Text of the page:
Coming back to the original poster's claim, this compression wave (creating the ding sound) would be the same in all materials, since all materials are bound in the same spacetime lattice. (this is his reasoning). That is clearly not physically correct : different materials create very different sounds.
User avatar
hyksos
Active Member
 
Posts: 1039
Joined: 28 Nov 2014


Re: accelerated solid bar

Postby BurtJordaan on November 1st, 2017, 4:46 pm 

hyksos » 01 Nov 2017, 21:56 wrote:I wanted to respond to the following assertions about the nature of acceleration of a solid rod. The following quotation was buried so deep in a thread made by Andrex, that I have to extract it here.

{quote snipped}

This is not physically correct. The original poster held up these claims as "fact" in support of a personal theory of cosmology.

This is a somewhat of an invitation for the 'personal theorists' to defend their ideas on a thread in the physics forum. It is fair to discuss the mainstream position of a lengthwise accelerated rod here, but if it degrades to personal theory defenses, it must go back there.

That said, I think Dave_O's position is correct for a rod subjected to a non-destructive jerk in the classical, non-relativistic limit. It is not correct for a uniformly accelerated rod though, but I don't know if that was he meant it to be.
User avatar
BurtJordaan
Forum Moderator
 
Posts: 2536
Joined: 17 Oct 2009
Location: South Africa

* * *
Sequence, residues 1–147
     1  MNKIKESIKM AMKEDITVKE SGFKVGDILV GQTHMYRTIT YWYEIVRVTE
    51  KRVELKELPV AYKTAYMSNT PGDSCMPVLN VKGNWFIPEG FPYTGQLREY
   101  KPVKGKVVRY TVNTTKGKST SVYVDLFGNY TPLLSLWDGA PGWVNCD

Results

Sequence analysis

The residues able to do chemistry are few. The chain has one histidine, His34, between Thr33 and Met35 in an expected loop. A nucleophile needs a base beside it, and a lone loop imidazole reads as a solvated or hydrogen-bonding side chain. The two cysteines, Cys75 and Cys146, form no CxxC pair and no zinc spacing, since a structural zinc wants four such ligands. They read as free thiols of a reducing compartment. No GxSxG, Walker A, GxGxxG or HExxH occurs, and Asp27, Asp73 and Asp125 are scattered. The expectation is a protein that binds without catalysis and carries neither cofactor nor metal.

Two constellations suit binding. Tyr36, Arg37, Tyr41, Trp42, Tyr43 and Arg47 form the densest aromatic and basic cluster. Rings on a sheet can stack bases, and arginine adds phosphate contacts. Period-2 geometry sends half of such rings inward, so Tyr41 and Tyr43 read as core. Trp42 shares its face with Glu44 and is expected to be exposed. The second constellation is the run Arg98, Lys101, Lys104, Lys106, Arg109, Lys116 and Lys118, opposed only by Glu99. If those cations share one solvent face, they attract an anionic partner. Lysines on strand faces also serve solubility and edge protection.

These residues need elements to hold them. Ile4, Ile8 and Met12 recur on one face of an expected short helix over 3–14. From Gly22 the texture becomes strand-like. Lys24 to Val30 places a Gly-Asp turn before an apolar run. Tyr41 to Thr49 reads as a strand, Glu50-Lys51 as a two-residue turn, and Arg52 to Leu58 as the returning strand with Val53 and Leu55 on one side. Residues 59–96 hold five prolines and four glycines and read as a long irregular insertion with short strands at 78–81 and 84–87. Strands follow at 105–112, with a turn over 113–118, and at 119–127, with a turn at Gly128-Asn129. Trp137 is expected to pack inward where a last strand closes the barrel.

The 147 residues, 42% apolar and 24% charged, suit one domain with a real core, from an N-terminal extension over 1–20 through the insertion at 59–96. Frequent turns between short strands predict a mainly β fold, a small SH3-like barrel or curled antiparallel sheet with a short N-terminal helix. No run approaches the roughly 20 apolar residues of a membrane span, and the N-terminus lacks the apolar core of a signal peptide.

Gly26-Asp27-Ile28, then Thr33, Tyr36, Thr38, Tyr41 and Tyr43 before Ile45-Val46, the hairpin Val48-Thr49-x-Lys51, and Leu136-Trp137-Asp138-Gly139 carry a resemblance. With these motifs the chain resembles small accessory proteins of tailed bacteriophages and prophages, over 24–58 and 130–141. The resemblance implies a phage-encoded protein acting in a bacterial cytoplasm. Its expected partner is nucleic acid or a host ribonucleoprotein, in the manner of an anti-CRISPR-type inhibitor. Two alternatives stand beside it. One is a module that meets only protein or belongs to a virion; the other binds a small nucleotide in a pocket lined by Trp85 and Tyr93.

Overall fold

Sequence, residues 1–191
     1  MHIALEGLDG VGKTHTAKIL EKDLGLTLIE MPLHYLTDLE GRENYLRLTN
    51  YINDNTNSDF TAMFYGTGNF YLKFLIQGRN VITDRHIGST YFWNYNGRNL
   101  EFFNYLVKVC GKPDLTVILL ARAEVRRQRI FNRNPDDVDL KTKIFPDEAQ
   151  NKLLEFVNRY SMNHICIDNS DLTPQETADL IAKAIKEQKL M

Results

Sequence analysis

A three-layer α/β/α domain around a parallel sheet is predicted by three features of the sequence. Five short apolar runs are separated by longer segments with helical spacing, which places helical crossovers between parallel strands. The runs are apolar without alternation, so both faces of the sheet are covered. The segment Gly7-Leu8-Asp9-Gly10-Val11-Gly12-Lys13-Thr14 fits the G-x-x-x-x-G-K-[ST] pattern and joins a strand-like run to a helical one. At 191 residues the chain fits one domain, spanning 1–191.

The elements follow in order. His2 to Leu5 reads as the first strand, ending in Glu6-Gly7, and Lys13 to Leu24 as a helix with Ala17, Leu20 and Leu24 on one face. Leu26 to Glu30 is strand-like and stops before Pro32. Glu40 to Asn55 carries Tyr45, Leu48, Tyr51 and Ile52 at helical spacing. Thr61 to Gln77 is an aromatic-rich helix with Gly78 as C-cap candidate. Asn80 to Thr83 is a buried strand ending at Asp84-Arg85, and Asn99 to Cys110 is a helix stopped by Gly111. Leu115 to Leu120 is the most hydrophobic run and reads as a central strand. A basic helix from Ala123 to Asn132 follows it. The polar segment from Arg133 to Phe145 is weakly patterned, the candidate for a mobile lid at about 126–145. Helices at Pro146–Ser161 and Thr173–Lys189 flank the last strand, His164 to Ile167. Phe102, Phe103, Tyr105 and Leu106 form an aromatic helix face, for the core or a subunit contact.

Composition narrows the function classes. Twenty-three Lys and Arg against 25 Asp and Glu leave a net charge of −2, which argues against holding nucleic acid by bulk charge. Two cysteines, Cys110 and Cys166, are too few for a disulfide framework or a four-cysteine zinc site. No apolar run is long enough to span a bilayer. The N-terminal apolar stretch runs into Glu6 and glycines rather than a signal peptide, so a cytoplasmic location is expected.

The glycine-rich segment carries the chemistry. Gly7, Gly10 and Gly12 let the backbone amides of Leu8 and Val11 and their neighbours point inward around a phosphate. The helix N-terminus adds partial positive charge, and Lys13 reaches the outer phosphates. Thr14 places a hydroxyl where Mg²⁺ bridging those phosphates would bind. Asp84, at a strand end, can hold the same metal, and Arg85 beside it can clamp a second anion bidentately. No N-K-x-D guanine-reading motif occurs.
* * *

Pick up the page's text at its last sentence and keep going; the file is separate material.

Blog: View Blog (9)


Re: accelerated solid bar

Postby hyksos on November 2nd, 2017, 1:48 pm 

BurtJordaan,

I was going to ask Dave O if he gave the accelerated rod example as a euphemistic analogy of the function of gravity, or if it he meant this literally happens. (Andrex would have scrolled my post off the screen)
User avatar
hyksos
Active Member
 
Posts: 1039
Joined: 28 Nov 2014


Re: accelerated solid bar

Postby hyksos on November 2nd, 2017, 11:38 pm 

Momentum transfer is a fundamental phenomenon. It goes all the way down to the particles. While sound and resonant frequency is amenable to a model based around "balls and springs", I don't believe that transferring momentum ever reduces to a similar model.
User avatar
hyksos
Active Member
 
Posts: 1039
Joined: 28 Nov 2014


Re: accelerated solid bar

Postby BurtJordaan on November 3rd, 2017, 2:06 am 

hyksos » 03 Nov 2017, 05:38 wrote:Momentum transfer is a fundamental phenomenon. It goes all the way down to the particles. While sound and resonant frequency is amenable to a model based around "balls and springs", I don't believe that transferring momentum ever reduces to a similar model.